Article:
General MotorsGeneral Motors may receive a tax break worth as much as $45.4 billion under the terms of its government-financed restructuring.

The credit is a final benefit from the company's multibillion-dollar government bailout. Under the terms of the bailout, GM will be able to apply a tax credit related to previous losses and business expenses to future earnings.

This is unusual because GM has changed ownership, The Wall Street Journal said. Normally, when a company restructures, the government imposes limits on this form of tax benefit.

The government inserted this clause in the bailout in order to make companies that benefited from the TARP program more attractive to investors. The rationale was that this would be a better deal for taxpayers because it would stop the bailed out companies from going out of business altogether.

"The Internal Revenue Service has decided that the government's involvement with these companies, both its acquisitions plus its disposals of their stock, means they should be exempt" from the rule, Robert Willens, a New York tax consultant, told The Journal.

The $45.4 billion in future tax savings is made up of $18.9 billion in carry-forwards based on past losses and savings related to costs such as pensions and property.

The losses were incurred by "Old GM", the company that remained in bankruptcy. "New GM" emerged from bankruptcy in June.

Increase your money and finance knowledge from home

Small Cap Investing

Learn now to invest in small companies the right way.

View Course »

Reading a Stock Quote

Learn to read the ingredients of a stock.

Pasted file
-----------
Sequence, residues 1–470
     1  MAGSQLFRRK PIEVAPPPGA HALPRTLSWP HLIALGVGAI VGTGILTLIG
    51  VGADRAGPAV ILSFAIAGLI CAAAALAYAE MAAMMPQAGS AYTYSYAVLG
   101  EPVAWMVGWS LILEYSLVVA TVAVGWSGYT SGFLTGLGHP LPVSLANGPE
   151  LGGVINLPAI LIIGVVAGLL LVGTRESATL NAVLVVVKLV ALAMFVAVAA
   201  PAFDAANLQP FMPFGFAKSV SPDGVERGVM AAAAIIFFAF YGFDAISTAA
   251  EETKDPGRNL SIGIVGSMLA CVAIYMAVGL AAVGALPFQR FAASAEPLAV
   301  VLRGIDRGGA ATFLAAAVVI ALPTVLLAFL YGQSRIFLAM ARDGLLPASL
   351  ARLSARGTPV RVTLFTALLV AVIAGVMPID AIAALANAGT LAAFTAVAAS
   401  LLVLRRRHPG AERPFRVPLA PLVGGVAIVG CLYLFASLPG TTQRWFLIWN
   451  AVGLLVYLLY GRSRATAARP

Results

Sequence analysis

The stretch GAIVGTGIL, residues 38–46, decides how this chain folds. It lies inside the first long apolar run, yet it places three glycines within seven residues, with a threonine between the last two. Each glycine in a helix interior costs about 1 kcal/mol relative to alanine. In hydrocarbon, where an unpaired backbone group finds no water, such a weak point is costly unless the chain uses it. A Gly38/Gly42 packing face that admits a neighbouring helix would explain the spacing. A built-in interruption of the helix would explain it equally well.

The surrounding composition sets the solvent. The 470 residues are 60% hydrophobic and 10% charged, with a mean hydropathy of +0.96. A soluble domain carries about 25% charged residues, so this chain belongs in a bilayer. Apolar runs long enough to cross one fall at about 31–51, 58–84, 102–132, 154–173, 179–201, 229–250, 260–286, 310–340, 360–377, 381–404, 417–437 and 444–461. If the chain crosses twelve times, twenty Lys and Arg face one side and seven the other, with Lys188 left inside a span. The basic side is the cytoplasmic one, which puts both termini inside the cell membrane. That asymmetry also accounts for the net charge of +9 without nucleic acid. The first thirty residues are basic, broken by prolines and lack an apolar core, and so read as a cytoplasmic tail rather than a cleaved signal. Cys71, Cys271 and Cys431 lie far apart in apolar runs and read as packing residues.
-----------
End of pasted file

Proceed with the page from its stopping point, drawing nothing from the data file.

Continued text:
View Course »

Add a Comment

*0 / 3000 Character Maximum

6 Comments

Filter by:
daltonustynik

I still have trouble understanding how oneof the bettercorporations in the world in the 1950s could sink so far into oblivion . There is a general feeling throughout the US that the company was run into bankrupsy by an incompetent labor union who had no qualms ablout building a product iferior to the germans and the Japanese, no concern ablut he solvency os the company, and no concern whatsoever ablut striking for higher wageswhen the were making more tahn mostsmall concrns. And ManAGEMENT itself had to be worse than incmpetent . if theylost money for the past decade even my father would have cut off my allowance.

November 10 2010 at 10:57 AM Report abuse rate up rate down Reply
grump507

gm has shown a profit of 35 billion in the first 2 quarters this year so why would we continue to give them such a huge tax break could it be someone in our government might benefit from it or someone on wall street how about on all these big decisions that news staions print out how our government officials voted this way theyll be held resposible by the people i bet we would start seeing more voting for the people

November 07 2010 at 8:33 AM Report abuse rate up rate down Reply
marine1942

This is just WRONG

November 04 2010 at 4:19 PM Report abuse +3 rate up rate down Reply
1 reply to marine1942's comment
Cinnamon

why everbody that

November 04 2010 at 8:10 PM Report abuse rate up rate down Reply
frank1946

Government subsidy of GM is OK as long as they bring back Pontiac, Buick- Cadillac and Chevrolet offer boring, female type cars now...............I want a Macho/Male Sports Sedan like the Pontiac Grand Prix, why has GM decided to be "Female" ? Not for me, Thanks !

November 03 2010 at 8:44 AM Report abuse -1 rate up rate down Reply
kv37

I wouldn't trust GM and further than I could spit.

November 03 2010 at 8:35 AM Report abuse +3 rate up rate down Reply